Education and Training Requirements

High School

To prepare for entry into a college forestry program, you will need to focus specifically on mathematics and sciences in high school. Take algebra, geometry, and statistics as well as biology, chemistry, physics, and any science course that will teach you about ecology. English classes are also important to take, since part of your job is likely to include research, writing reports, and presenting your findings. In addition, take history, economics, and, if possible, agriculture classes, which will teach you about soils and plant growth, among other things.

Postsecondary Training

A minimum of a bachelor's degree in forestry or a related field is required to become a forester. The Society of American Foresters accredits forest technology, forestry, and urban forestry programs. Visit for a list of accredited programs. 

The courses of study in all accredited schools of forestry have the same fundamental components. To be accredited, a school must offer a specified amount of instruction in four essential areas of study: forest management (the application of business methods and silvicultural principles to the operation of forest properties), forest ecology and biology (ecosystem management and physiological principles including fires, insects, diseases, wildlife, and weather), forest policy and administration (understanding legislative procedures and environmental regulations that influence management decisions), and forest measurements (the inventory process for quantifying forest resources such as timber amount and quality, wildlife habitat, water quality, and recreational potential). The courses in these four topics, which are generally concentrated in the junior and senior years, make up the professional portion of the forester's schooling.

To prepare for these subjects, you need to be grounded in mathematics, surveying, chemistry, physics, botany, zoology, soil science, economics, and geology. Moreover, to help develop the skills needed for self-education later in your career, you need basic courses in literature, social studies, and writing. All these courses are organized in a program that fills the freshman and sophomore years largely with basic sciences and humanities.

Foresters also do fieldwork as a part of their university training. Some schools of forestry are so close to forests that regular three-hour or all-day laboratory sessions are conducted in the school forest. Following the sophomore year in many schools of forestry is a summer camp or internship of eight to 11 weeks. This is basically a continuous laboratory period during which you take part in the life of the forest, and, under guidance of the faculty, store up experience on which to draw in your junior and senior professional courses. In addition, some schools of forestry require you to spend an entire summer working for a forestry organization such as the U.S. Forest Service, National Park Service, a state forest service, or a company in the forest industry. The employer usually reports back to the school on your progress.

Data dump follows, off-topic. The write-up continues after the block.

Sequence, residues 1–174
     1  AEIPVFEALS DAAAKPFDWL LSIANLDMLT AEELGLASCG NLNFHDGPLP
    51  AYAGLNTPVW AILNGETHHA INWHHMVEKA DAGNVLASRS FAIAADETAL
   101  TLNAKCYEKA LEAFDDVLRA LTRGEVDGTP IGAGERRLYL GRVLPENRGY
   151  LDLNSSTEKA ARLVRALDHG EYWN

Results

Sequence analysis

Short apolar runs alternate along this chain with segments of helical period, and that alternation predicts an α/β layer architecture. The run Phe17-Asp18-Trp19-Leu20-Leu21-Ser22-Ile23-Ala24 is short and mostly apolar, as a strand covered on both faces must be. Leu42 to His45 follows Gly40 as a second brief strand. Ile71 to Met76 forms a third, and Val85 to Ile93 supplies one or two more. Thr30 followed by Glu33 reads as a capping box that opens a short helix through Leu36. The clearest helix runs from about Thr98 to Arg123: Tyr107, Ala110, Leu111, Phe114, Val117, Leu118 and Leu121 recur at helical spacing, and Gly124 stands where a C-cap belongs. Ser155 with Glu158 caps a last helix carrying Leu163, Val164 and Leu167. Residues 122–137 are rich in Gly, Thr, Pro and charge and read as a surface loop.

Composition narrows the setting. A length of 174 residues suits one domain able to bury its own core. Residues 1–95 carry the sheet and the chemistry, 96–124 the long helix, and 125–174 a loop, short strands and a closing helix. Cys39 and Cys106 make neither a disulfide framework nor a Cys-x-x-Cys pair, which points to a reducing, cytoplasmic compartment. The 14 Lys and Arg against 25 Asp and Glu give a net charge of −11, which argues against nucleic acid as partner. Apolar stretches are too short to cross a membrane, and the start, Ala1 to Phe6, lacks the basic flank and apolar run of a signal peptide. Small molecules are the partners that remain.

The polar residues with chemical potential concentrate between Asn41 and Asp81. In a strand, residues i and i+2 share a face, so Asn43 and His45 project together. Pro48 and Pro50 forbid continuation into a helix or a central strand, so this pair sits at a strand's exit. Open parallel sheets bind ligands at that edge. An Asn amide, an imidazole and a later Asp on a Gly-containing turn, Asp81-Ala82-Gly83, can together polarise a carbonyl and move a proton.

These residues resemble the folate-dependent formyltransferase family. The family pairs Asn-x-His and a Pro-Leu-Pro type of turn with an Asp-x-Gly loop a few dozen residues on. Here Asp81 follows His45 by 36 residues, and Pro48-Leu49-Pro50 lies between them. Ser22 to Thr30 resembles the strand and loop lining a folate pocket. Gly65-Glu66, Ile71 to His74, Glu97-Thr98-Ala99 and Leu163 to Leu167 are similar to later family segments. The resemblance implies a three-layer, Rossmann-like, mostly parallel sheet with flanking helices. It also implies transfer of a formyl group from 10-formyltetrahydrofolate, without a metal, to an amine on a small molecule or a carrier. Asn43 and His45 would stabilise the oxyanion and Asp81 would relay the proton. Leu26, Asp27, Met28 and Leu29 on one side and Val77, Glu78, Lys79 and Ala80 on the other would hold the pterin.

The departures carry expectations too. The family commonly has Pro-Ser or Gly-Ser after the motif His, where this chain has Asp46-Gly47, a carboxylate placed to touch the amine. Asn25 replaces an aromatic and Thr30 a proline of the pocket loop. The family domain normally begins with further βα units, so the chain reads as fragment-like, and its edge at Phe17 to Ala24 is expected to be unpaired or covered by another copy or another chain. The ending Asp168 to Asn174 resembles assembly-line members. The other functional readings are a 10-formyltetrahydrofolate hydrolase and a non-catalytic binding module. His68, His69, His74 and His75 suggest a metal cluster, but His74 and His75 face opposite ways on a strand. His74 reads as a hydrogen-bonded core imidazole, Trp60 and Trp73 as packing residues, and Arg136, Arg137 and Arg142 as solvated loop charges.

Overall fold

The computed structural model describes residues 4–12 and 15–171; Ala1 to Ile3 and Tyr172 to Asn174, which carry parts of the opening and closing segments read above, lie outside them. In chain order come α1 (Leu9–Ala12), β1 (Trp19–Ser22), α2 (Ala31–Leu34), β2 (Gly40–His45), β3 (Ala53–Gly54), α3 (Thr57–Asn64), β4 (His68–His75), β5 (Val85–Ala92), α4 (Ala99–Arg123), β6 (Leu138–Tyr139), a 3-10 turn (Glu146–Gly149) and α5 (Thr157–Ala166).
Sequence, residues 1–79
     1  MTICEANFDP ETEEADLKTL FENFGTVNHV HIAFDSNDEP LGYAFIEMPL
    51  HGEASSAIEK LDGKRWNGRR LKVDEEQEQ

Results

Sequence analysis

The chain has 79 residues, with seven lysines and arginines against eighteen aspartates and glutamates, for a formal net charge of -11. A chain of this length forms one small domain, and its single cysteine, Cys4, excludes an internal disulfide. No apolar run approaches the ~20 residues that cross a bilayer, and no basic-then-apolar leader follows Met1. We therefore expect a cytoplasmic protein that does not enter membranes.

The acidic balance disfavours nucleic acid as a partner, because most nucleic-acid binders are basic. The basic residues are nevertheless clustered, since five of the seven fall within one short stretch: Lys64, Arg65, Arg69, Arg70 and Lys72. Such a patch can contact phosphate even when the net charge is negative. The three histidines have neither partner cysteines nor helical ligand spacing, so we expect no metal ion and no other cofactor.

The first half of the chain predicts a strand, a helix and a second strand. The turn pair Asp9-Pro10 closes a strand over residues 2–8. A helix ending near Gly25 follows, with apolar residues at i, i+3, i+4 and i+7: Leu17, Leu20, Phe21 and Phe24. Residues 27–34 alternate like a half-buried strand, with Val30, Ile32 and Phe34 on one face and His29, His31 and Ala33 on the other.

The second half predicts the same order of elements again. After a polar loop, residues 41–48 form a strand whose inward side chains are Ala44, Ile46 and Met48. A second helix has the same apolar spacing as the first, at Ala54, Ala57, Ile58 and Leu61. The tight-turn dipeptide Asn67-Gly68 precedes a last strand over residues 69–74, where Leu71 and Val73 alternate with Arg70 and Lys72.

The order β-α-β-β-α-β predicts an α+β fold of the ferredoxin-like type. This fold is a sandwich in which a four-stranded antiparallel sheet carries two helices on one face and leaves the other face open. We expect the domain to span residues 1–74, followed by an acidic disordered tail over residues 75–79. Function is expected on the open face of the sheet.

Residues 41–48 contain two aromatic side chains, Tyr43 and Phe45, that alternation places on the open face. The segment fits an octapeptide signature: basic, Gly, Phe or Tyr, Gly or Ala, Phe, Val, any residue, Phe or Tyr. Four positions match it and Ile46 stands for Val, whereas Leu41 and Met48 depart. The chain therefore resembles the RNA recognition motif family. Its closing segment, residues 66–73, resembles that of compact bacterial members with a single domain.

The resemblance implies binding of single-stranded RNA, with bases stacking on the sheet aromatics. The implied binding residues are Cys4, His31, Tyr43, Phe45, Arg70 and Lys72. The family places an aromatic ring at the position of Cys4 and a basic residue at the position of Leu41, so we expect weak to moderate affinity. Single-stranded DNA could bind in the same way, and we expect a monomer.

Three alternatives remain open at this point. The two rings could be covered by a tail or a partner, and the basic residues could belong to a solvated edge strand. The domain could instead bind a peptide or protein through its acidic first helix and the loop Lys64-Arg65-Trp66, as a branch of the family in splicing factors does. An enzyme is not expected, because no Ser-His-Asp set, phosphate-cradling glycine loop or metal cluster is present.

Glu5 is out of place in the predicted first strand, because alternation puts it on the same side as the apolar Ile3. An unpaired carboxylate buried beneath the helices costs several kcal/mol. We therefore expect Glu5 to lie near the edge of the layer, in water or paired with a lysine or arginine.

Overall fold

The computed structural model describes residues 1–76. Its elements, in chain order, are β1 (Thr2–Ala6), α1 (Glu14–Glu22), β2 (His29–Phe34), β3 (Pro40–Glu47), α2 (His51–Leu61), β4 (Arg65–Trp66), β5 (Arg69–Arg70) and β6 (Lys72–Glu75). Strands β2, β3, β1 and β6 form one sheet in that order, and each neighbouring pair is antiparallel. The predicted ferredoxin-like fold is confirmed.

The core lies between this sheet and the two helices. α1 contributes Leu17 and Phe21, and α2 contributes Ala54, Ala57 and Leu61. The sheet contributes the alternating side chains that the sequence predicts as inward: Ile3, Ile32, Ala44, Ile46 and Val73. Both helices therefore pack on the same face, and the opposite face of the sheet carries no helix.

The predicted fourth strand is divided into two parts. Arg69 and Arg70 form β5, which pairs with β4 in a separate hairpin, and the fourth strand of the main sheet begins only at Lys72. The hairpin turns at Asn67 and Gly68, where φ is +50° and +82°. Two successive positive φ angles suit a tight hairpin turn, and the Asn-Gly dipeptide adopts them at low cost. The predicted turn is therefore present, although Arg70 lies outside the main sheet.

In addition to the basic sciences and humanities and the four core forestry areas of study, elective courses are offered to enable you to specialize in such fields as forest or logging engineering, wood technology, range management, wildlife management, forest recreation, and watershed management.

Graduates of forestry schools who wish to specialize in a certain area or broaden their general knowledge of forestry or related fields may opt for graduate work at one of the forestry schools to earn master's degrees or doctorates.

Other Education or Training

The Society of American Foresters, Forest Stewards Guild, Society of Municipal Arborists, and state-level forestry associations offer continuing education workshops, field sessions, and webinars. Contact these organizations for more information.

Certification, Licensing, and Special Requirements

Certification or Licensing

Voluntary certification is offered by the Society of American Foresters (SAF) and requirements include having completed a professional level (bachelor's degree or higher) education program and having at least five years of professional forestry experience. Those who meet requirements receive the designation certified forester and must complete a certain amount of continuing education for certification renewal every three years.

Currently 15 states have some type of licensing or registration for foresters. Depending on state regulations, these may be either voluntary or mandatory. The SAF can provide some information on states' requirements. You should also check with your state to find out about specific statutes and regulations.

Experience, Skills, and Personality Traits

Prior experience as a forestry intern or forestry technician will be useful for aspiring foresters.

Because of the nature of his or her work, the forester must often make decisions on the basis of incomplete knowledge. This means that you must be self-reliant and have a high degree of initiative. You should have an aptitude for science, curiosity, and a strong liking for the outdoors. Because trees grow slowly and the changes in forests are gradual, you must have greater-than-average patience and a firm conviction that the work you do is important. If you make mistakes or are careless, the results may not be apparent for many years. Therefore, you must be dependable and conscientious. While it is not necessary to be intensely athletic, you must have greater-than-average endurance and enjoy physical activity.